Clearly, those of us who insist there is no such thing as a free lunch have been wrong all these years.
"Subsidy Ok'd for thriving bus line," read the Union Leader headline.
Why would something that is thriving need a subsidy? The Boston Express bus needs more taxpayer money because, the governor and Council were told last week, more people are riding its buses down I-93 and Route 3 to work in Boston.
And why wouldn't they? With taxpayers underwriting the comfortable and convenient (Wi-Fi included) ride, the most it costs a rider is $18 for a one-way ticket.
So if it is so popular with riders, why not just increase the fare to actual cost levels and leave the taxpayer alone?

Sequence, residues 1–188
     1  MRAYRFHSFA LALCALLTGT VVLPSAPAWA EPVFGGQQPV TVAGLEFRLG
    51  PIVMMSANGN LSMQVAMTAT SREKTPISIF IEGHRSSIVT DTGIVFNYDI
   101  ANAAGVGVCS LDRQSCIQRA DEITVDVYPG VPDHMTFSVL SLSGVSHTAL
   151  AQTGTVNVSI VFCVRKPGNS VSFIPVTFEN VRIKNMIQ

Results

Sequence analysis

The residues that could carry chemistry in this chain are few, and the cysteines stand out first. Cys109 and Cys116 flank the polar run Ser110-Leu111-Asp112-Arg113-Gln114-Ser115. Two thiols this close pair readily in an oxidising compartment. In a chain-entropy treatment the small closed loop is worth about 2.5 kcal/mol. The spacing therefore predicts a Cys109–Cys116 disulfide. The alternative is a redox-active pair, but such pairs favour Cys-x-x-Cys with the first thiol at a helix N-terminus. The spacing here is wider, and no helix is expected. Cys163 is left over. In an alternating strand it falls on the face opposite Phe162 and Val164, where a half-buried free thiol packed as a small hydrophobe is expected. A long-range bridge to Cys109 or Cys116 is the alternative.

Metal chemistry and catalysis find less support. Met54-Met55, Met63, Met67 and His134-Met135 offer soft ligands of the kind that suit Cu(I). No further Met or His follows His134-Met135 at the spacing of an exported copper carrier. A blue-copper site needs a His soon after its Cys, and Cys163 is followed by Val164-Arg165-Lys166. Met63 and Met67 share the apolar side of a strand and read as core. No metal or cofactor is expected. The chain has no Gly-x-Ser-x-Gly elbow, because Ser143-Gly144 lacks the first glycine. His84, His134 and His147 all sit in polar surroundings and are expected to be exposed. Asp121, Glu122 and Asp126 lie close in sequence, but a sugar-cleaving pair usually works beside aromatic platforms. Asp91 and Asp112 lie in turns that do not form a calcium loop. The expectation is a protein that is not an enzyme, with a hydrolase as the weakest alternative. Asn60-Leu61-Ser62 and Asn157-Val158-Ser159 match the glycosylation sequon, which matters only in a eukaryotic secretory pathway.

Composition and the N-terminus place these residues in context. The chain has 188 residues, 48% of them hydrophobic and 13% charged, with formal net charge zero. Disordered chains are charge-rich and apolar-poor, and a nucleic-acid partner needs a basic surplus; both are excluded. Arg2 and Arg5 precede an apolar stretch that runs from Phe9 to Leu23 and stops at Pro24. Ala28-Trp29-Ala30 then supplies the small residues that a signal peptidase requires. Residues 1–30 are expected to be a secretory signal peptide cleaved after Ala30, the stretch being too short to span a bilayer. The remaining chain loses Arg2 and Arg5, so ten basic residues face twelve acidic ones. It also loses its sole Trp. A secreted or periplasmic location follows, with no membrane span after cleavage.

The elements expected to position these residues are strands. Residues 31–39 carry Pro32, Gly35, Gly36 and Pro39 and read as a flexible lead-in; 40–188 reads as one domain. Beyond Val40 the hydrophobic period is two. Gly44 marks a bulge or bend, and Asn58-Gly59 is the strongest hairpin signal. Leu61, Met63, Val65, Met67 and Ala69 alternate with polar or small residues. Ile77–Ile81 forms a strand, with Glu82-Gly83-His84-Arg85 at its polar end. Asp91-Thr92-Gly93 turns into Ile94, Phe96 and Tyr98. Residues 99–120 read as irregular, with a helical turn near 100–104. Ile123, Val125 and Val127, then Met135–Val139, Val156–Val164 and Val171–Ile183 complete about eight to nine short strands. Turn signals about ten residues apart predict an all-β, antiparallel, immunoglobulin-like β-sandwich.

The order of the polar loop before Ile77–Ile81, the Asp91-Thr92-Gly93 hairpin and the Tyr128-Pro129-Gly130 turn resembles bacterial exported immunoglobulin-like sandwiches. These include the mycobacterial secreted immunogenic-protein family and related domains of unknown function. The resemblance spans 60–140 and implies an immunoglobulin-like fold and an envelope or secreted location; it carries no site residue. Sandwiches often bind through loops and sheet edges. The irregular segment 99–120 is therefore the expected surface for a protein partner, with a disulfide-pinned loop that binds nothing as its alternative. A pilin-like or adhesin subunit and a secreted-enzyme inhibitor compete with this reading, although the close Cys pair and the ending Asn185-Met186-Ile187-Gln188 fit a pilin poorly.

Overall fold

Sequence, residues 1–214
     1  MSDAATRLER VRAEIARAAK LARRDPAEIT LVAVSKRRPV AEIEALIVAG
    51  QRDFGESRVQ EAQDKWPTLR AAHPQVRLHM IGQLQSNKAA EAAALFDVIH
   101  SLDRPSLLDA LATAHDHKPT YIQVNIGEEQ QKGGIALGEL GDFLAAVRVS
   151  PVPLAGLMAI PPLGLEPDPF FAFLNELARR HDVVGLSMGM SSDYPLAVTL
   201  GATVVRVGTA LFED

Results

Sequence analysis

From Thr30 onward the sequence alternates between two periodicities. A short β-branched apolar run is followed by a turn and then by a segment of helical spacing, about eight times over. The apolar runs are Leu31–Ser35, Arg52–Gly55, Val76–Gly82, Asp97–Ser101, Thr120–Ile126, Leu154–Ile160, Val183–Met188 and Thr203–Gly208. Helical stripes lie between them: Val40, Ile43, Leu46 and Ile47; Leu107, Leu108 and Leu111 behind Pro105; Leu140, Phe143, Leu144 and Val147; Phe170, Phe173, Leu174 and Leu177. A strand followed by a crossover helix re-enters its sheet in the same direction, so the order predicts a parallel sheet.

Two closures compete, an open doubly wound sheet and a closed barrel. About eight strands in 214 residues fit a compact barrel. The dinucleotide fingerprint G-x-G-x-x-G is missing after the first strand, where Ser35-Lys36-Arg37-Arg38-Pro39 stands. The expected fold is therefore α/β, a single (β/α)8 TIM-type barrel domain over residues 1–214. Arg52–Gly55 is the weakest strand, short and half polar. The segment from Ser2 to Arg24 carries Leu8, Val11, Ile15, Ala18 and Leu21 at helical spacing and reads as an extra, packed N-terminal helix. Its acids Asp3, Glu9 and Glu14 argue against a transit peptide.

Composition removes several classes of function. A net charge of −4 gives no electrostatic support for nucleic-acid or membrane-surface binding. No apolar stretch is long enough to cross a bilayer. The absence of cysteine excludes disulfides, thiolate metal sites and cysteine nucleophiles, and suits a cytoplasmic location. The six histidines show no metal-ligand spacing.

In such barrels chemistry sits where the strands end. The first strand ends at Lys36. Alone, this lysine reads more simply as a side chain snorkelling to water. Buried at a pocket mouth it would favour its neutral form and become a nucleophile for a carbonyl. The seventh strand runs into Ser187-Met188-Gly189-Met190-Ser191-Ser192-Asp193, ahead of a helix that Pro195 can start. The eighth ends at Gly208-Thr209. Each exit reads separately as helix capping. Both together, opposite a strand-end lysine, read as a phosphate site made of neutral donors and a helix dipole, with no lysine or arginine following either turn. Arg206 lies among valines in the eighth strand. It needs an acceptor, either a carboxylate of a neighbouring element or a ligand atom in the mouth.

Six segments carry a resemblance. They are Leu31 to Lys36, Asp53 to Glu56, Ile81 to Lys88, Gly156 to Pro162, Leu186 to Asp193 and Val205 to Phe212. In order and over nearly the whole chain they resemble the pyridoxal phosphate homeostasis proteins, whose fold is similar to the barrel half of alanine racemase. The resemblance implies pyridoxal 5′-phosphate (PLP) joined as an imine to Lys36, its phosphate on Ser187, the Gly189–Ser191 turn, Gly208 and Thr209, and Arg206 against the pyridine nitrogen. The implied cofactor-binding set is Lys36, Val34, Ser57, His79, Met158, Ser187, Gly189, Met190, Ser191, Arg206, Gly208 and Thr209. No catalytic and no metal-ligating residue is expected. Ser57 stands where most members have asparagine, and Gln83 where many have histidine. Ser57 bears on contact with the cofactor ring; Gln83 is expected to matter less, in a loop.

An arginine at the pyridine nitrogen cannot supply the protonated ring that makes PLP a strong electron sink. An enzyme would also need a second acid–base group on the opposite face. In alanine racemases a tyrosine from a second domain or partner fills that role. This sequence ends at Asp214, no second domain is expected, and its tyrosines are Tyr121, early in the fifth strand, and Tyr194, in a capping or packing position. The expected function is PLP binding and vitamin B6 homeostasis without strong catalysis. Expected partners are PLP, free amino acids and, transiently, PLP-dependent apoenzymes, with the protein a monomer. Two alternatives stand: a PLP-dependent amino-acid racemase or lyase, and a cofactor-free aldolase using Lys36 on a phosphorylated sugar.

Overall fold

"We don't want to stunt that growth with a fare increase," said Boston Express.
Right. If you charge what it really costs to operate a business and make a profit, the business might not be so "thriving."
The bus service subsidies are intended to get drivers out of their cars and onto some form of mass transit. The state chose bus service over commuter rail because the bus was far less expensive. One can only imagine what "thriving" commuter rail to Boston would cost the taxpayers.
If, as with this bus service, taxpayers pay to cart a small group of Granite Staters to jobs in Boston (or to fly out of Logan instead of Manchester), aren't we subsidizing Massachusetts' economy by doing so? If most commuters are going from New Hampshire to Massachusetts, and not the other way around, how does this create jobs in New Hampshire?